Toggle between two LEDs.

Hi:

I need to toggle between a red and a green LEDs. When the pin is LOW the green LED must be turned on and when the pin is HIGH, it must be turned off and the red one, on.

I know this has something to do with NPN and PNP transistors but I need help on this one.

Thanks!

Are you trying to use a transistor even though you don't need one?

Because I don't see why you don't just run both LEDs from the pin, one to GND and one to 5V, so when the pin is LOW it is sinking for the 5V, and when it's HIGH it's sourcing for the GND.

As INTP says, connect the two LEDs to the pin directly.
This drawing may help if you only use one pin for driving both LEDs.

Edit: connect both LEDs to D8
select R2-3 to get the intensity you need for the different coloured LEDs.

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INTP:
Are you trying to use a transistor even though you don't need one?

Because I don't see why you don't just run both LEDs from the pin, one to GND and one to 5V, so when the pin is LOW it is sinking for the 5V, and when it's HIGH it's sourcing for the GND.

You mean something like this?

Won't that burn the pin when it is LOW and it will get a voltage from 5V (minus the drop in the LED)?

I assumed you knew to use resistors. Sorry for not spelling it out.

INTP:
I assumed you knew to use resistors. Sorry for not spelling it out.

So one of the LEDs will be powered by the pin.

Sure, depending on what you mean by 'powered'.

LEDs = Light Emitting Diode. Keyword to focus on is "diode".

rva1945:
You mean something like this?

Won’t that burn the pin when it is LOW and it will get a voltage from 5V (minus the drop in the LED)?

With a resistor between Output digital and Led common point it is better for the Led :grin:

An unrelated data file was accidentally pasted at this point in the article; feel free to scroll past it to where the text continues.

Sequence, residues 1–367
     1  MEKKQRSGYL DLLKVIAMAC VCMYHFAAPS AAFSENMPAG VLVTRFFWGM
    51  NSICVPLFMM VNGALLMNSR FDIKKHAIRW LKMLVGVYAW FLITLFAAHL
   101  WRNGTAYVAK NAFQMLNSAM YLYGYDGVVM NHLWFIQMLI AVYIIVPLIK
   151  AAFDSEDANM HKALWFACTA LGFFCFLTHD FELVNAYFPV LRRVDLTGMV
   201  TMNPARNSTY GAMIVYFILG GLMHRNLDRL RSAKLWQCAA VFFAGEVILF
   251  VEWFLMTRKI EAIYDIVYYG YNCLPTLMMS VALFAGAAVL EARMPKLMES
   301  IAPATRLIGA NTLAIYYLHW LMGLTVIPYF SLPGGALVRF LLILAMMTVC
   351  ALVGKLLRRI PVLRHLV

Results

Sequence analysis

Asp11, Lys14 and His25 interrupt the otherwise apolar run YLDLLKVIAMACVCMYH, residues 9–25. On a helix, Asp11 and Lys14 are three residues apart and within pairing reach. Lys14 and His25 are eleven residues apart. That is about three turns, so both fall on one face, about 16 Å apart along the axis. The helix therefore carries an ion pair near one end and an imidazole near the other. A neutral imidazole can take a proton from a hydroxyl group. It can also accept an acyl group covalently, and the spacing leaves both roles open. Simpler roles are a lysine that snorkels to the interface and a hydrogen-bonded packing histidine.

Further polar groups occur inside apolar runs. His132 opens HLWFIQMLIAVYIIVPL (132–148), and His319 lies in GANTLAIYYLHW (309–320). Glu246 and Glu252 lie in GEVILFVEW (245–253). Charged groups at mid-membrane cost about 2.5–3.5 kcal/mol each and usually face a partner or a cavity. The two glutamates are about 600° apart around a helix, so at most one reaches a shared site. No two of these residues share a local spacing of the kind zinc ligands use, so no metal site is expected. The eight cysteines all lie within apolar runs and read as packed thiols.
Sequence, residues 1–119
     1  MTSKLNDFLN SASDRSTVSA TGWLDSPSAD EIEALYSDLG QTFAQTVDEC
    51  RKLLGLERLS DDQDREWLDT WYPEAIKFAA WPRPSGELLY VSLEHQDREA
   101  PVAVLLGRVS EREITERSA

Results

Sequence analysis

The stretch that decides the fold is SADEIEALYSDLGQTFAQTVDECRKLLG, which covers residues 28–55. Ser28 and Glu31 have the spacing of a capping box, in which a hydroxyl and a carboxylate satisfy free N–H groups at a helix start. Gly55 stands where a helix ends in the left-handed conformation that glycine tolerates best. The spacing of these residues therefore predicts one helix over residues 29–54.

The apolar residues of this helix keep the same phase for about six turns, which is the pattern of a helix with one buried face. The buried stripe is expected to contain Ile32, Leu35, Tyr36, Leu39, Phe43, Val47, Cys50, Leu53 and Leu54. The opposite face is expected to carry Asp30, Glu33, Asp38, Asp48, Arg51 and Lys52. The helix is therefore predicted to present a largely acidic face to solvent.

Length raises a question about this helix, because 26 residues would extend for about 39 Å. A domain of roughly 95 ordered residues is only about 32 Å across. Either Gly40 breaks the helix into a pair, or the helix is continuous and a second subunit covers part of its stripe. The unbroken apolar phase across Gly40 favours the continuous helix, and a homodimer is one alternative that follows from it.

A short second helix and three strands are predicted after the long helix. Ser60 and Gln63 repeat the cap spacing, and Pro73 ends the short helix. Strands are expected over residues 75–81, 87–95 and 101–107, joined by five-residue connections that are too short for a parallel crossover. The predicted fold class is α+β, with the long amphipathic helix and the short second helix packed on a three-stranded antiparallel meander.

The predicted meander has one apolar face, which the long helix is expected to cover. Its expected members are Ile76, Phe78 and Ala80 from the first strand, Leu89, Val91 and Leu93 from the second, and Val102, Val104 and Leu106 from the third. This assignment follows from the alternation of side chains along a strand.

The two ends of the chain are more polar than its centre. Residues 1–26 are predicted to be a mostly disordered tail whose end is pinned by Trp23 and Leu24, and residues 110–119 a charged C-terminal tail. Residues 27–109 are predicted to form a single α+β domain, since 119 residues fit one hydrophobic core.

rectif_del1.png

68tjs:
With a resistor between Output digital and Led common point it is better for the Led :grin:
rectif_del1.png

But red and green leds drop different voltages and not making the current to each equal, you get cursed with 5 years bad luck.

If there is room use two resistors so you can achieve the brightness you need for each led.

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But red and green leds drop different voltages and not making the current to each equal,

Yes current follows Ohm's law but what about quantum efficiency versus color? :grin:
My lack of knowledge does not allow me to affirm anything. ::slight_smile:
But I have enough knowledge to doubt it is the same in green or in red.

Anyway the first scheme did not include resistance and I would not be cursed with 5 years because I saved the diodes of a certain death :grin:

I agree that they have different brightness. For example, for navigation lights in a model boat, I must use different resistors for the red and green LEDs: a greater value for the red LED (small current needed) and a smaller value for the green one.

Thanks!

Two LEDs in series from +5volt to ground without current limiting, as in the three previous pictures?
Can’t do that with common LEDs with a Vf of ~2volt, and not wise with high brightness LEDs with Vf of ~2.4volt (red) or ~3.3volt (green).

So two LEDs on one pin, with PWM (colour change) possibility.
+5volt > green LED > green current limiting resistor > red current limiting resistor > red LED > ground.
Connect the Arduino pin to where the two resistors join.
Leo…